In this interview, Horner said, “I thought they’d fact-check it, and it’d make them look worse. I mean that’s how this always works: Someone posts something I write, then they find out it’s false, then they look like idiots. But Trump supporters — they just keep running with it! They never fact-check anything! Now he’s in the White House. Looking back, instead of hurting the campaign, I think I helped it. And that feels [bad].”

Until this point, the narrative on fake news was that it was a problem, and skewed people’s views during a particularly contentious election season. After this interview, the story – at least as the legacy media portrayed it – changed into something completely different, and interest in the idea of “fake news” as presented shot way up.

Google Trends shows a skyrocketing increase in interest in “fake news” around Nov. 13.

After the Horner interview, fake news became the new buzzword in the political press to mean anything from outright fabrications to satire to clickbait to ideologically-based media. There are even entire campaigns – such as PropOrNot – which aim to seek out such media, under the banner of fighting “Russian propaganda.”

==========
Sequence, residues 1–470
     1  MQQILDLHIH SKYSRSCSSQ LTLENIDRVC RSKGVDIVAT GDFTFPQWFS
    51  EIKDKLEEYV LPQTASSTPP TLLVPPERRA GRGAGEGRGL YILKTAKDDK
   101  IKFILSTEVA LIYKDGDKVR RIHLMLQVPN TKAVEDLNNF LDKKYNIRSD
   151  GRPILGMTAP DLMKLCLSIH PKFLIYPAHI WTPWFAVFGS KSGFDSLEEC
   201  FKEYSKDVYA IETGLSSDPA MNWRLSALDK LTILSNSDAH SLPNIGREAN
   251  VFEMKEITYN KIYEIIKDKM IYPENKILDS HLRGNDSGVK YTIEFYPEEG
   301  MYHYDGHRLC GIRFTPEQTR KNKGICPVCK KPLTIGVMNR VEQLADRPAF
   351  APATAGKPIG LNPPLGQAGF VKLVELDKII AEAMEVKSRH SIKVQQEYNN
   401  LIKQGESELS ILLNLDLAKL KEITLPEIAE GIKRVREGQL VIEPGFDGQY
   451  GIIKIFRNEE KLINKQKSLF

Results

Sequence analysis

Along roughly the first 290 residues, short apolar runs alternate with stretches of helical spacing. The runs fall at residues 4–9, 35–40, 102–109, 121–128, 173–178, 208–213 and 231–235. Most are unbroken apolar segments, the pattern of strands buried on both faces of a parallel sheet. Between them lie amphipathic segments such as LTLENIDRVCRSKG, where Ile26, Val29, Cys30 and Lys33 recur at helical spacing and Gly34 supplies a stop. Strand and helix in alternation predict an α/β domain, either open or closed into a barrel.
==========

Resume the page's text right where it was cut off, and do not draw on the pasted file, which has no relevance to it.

Bewilderingly, PropOrNot has included longtime libertarian stalwarts Antiwar.com and our friends-in-anarchism over at the AntiMedia on their list of “over 200” established media organizations, fake news sites and blogs they’re calling “Russian propagandists.” It’s pretty weird, and their report is… a mess. But we’ll tackle that another time.

In truth, fake news has become a zaxlebax, a package-deal anti-concept that encompasses all of these wildly different media forms and describes nearly none of them correctly. The Onion has never claimed to be anything but satire. Upworthy has never said they don’t use clickbait headlines, and they’re not trying to mislead the public. C4SS, Antiwar, Infoshop or the AntiMedia have never claimed to be objective, nor have they ever misled their readers into believing they were fueled by anything other than their respective ideologies. The only media that really fits the bill of “fake news” in the sense most folks mean by it are actual, fake news websites like “abcnews.com.co” and tabloid news.

These organizations and individuals have no issue writing fake news stories, creating things that never happened, weaponizing people’s naivety and bigotry.

And to their credit, the folks over at the Washington Post’s Intersect blog recognize this and did a write-up on it the other day.

Snip:

Fake news has, in a period of weeks, gone from a concern about how we share news online today to a meme — one that allows nearly any source of information to be “fake.” It seems inevitable that the Internet will continue to twist the term “fake news” into new definitions.

John Herrman at the New York Times also recognized the issue with fake news as a concept: